Brian DeChambeau and Natasha Astrid Rosario DeChambeau enjoy an urban lifestyle: donning a scarf and walking everywhere, using public transportation, shopping small at mom-and-pop shops and bodegas. Brian was living in Boston when he decided to move to a more manageable city – Providence – where the couple met. Neither owns a car by choice, which necessitated finding a place near Providence Station for quick access to the train.
When seeking a home, the couple preferred to own, not rent, and Brian found himself drawn to an unusually shaped lot in the Smith Hill area. At just 1,800 square feet, zoning laws dictated that only a small portion could actually be built up, so after initial consultation with Boston architect Jeff Geisinger, Brian enlisted David Sisson Architecture in East Providence. David Sisson worked closely with Brian and Natasha to realize their vision, orienting the house away from the street and implementing a reverse living plan where main rooms are not ground-level and windows offer privacy and views of treetops rather than the street.
“This is a perfect example of architects and homeowners joining forces to reinvent the big city lifestyle for the smaller city by focusing on unbuildable urban lots, working with energy-efficient technologies, and designing for access to public transportation and bike paths,” says Sisson. “In Providence, Natasha and Brian have what their friends from New York and Boston can only dream about.”
“People don’t see Smith Hill as a desirable neighborhood, but we see it as a regular neighborhood with ups and downs,” says Natasha. Due to the small footprint, she was initially concerned that the house would feel dark and constricted, but because of the high ceilings and tall windows, spaces are flooded with natural light, an element especially helpful with so much of daily life still being based at home. Adding to the privacy along a busy street is the fact that most passersby don’t even realize the tall contemporary is a single family home, mistaking it for an office building. “I was outside with a friend when we overheard someone walking by who asked ‘what is that supposed to be?’” says Brian. “People may not recognize it as a house because the windows don’t have muntins,” which are the bars or sashes typically separating each pane of glass.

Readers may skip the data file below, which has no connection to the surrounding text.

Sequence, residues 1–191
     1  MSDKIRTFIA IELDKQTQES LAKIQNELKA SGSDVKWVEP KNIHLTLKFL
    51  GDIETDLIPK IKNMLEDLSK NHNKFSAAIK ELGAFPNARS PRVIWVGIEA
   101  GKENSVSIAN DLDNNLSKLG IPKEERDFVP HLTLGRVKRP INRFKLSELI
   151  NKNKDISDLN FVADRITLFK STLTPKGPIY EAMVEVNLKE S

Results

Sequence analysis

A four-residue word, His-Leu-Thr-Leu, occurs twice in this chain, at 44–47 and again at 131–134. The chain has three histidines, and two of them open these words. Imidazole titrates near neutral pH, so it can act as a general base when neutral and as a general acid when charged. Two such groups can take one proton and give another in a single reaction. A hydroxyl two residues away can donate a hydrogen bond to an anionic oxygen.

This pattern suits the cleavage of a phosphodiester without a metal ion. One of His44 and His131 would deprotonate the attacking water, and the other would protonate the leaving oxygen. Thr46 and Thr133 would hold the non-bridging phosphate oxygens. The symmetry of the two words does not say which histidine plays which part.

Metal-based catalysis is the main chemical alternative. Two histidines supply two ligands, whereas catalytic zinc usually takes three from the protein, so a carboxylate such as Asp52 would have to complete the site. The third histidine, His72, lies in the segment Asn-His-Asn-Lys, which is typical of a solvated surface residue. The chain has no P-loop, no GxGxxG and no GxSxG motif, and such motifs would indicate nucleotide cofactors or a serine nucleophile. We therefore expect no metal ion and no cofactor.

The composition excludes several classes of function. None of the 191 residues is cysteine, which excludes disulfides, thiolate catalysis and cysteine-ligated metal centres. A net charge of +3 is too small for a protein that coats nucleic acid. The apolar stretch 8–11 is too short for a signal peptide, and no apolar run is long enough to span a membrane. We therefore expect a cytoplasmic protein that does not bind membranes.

To maintain the couple’s shared minimalist aesthetic while playing to the home’s geometric lines, Brian constructed open shelving in the kitchen; he also made use of vertical space by hanging the television high up on the wall in the living room. A large square starburst quilt made by Brian’s mom is displayed in the stair hall, not only adding texture but also drawing the eye up to emphasize the height.
According to Natasha, the house has brought home for her how much your environment can affect how you feel and your level of productivity. “I really like how serene it is,” she says.
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